This week, as the federal Liberals roll out their latest plan to fix housing in Canada, they face a Sisyphean task, one they're unlikely to complete.
While the new government strategy makes a welcome political gesture toward solving problems created by the high cost of housing, there is evidence that the problem is bigger, more complicated and more intractable than any government can handle, even with this latest decade-long multi-billion-dollar plan.
Critics were quick to say why the plan was inadequate.
"It's never enough," Jeff Morrison, executive director of the Canadian Housing and Renewal Association told Peter Armstrong on CBC's On The Money.
The criticisms could be grouped into four general categories. It wasn't enough. It was too late. It didn't do the right things. And it didn't help the right people.
All those critiques may be fair. But what no one, including the federal government, was going to admit was that solving the housing crisis is simply impossible.
Like the mythological Greek Sisyphus, condemned to roll a boulder up hill repeatedly only to watch it roll down again, housing problems just don't stay solved.
The difficulty of the task is sometimes hidden by the simple-sounding solutions offered by critics — including in the comment section of any story on the subject — many of them contradictory. Open more of Canada's farmland to construction. End immigration. Build more affordable housing. Kick out foreign investors. End all rent controls. Impose more rent controls.
If the answers were so easy, there would be be no housing crisis. A wave of Prime Minister Justin Trudeau's magic wand would make us all content.
The all-purpose solution proposed by some is for the government to keep its hands off entirely and let the free market do its work. Certainly that would make the job simpler. But for some reason voters don't like the idea of some Canadian families living in cardboard boxes and others in mansions. And the government knows it.
Battling social and economic forces
Yet the market economy continues to rule in the housing sector. And within the matrix of that market economy, the government is battling enormous social and economic forces.
People, rich and poor, from other parts of the country and immigrants from other countries want to live in Canada's biggest cities.
That urge to migrate to the most expensive places is not limited to this time and this place.
Recent articles in Britain's Financial Times describe how the young and vigorous continue to stream out of that country's crumbling towns and into its expensive cities, despite falling rents back home in the smaller centres.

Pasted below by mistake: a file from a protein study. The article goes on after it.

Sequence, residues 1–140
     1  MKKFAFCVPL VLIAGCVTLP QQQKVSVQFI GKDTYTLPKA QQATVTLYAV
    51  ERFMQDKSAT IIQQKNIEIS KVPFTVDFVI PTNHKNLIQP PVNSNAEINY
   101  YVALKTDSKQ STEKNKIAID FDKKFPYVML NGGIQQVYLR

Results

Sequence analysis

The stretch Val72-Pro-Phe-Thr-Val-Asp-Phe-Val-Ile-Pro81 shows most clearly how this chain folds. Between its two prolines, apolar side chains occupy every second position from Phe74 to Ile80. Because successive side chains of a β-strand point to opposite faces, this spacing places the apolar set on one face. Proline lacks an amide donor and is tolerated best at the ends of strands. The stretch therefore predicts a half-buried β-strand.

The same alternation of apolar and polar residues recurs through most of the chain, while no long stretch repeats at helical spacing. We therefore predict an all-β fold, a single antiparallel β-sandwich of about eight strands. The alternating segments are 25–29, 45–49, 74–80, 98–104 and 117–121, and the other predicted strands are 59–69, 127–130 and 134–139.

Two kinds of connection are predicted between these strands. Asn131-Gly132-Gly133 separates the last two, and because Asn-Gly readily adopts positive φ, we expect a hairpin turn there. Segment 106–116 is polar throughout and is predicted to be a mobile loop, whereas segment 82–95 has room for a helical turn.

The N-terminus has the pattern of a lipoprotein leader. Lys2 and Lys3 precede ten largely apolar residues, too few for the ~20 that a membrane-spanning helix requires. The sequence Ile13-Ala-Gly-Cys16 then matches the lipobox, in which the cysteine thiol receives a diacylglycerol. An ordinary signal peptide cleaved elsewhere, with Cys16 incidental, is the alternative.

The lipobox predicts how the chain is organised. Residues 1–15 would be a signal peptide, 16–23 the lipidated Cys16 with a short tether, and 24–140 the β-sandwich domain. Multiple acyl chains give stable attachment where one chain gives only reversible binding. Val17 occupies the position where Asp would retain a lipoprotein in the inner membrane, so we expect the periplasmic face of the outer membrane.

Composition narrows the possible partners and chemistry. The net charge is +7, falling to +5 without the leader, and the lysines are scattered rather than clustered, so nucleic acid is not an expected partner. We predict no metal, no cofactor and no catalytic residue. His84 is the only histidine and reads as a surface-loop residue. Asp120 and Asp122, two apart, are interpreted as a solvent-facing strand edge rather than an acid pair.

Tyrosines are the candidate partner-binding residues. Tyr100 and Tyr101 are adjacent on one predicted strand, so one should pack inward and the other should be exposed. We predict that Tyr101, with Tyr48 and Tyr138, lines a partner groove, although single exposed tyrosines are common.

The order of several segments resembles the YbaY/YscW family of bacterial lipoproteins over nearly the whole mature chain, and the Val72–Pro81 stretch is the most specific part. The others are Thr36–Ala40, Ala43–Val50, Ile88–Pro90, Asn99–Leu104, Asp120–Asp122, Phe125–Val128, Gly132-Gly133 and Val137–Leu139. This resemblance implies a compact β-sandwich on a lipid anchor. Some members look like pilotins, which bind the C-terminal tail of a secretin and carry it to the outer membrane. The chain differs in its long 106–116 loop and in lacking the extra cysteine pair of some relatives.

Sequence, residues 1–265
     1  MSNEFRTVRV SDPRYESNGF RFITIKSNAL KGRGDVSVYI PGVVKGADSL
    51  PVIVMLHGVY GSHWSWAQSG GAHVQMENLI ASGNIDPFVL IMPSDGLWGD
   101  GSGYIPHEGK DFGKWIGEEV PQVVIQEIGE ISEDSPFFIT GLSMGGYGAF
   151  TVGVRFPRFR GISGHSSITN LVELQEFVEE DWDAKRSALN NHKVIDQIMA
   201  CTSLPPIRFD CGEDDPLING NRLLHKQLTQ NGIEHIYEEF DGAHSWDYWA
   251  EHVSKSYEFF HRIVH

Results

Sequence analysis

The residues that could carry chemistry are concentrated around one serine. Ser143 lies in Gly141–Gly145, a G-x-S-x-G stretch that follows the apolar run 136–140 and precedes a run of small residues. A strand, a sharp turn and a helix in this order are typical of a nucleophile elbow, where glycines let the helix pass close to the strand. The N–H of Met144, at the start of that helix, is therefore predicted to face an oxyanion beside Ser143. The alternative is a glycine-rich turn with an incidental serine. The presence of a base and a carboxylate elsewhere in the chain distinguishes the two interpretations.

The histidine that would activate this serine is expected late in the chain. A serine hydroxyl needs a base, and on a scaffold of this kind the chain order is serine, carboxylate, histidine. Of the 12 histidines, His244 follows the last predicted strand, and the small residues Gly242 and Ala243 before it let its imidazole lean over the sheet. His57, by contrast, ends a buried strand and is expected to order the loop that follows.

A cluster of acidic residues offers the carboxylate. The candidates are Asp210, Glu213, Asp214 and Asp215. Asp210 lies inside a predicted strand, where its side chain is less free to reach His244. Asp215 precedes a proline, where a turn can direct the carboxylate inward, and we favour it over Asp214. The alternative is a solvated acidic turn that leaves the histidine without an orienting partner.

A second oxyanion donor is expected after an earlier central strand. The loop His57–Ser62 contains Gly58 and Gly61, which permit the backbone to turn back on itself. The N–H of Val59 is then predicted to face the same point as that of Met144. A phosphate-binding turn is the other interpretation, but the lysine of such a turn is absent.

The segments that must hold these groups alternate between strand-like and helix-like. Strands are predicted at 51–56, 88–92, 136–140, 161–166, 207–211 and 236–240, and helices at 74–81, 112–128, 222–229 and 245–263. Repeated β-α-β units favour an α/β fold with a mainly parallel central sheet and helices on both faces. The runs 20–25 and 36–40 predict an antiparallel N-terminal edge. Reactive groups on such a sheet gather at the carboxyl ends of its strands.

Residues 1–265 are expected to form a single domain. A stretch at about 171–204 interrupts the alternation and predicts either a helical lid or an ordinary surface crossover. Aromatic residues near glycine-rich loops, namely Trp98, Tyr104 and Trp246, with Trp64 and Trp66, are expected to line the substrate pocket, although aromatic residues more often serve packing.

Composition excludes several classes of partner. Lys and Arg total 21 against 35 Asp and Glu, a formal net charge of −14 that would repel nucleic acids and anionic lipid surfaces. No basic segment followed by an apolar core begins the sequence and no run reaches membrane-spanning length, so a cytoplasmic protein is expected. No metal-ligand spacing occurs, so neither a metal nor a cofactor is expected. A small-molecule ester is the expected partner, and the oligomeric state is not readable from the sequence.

A destination city like Hong Kong constantly worries that property prices are prohibitive, but a decades-long private and public building boom has failed to build enough and may have encouraged the influx.
Rents continue to soar. New York and San Francisco and Mexico City face similar fears, and still people come.
Advantages don't go away
"Toronto and other big cities ... have advantages that don't go away just because it gets more and more expensive," Winnipeg economist Wayne Simpson once told me when I was researching the impact of rent control.
In Vancouver and Toronto, the construction industry working in high gear has as yet failed to satisfy demand.
The amounts of money involved are hard to conceive. The critics who say government spending "isn't enough" are surely right. The multi-billion dollar spending plan sounds big, but spread over a decade and over a country, the money is dwarfed in a market where a single month's turnover of just resale houses, in greater Toronto alone, is worth more than $5 billion.
Critics who say the government is doing the wrong thing are probably right as well, since no one really knows how to solve the problem of housing.
As we have seen with the Bank of Canada and interest rates, an effort to stimulate the economy by making money easier to borrow has only served to make houses more expensive.
Similarly, giving tax money to help poorer people pay high rents will work through the market economy to bid up the price of rental housing.
Making busy cities more welcoming with lower rents will make them even more dynamic, encouraging the cycle of in-migration.
As we have noted previously, Canada is going through a difficult transition that others have gone through before. There is no longer room for every family to have its suburban picket fence.
Get used to higher density
Increased housing density is blocked by people living in single family dwellings they never could afford to buy. Like elsewhere in the world urban dwellers will eventually become accustomed to higher-density housing going up next door.
People will become used to living and raising families in smaller spaces. The average for new apartments in Hong Kong is now about 600 square feet (57 sq m).
But that adjustment will take time.
In the near term, the one thing that could solve the Canadian housing crisis is a sudden crash in prices with the much-predicted popping of the property bubble.
Then the complaint that federal spending plan is too late will become a virtue.
With parts of the spending plan scheduled to start in 2020, the government's new strategy could kill two birds with one stone, adding to Canada's stock of affordable housing and bailing out a shattered real estate industry adjusting to a new reality.
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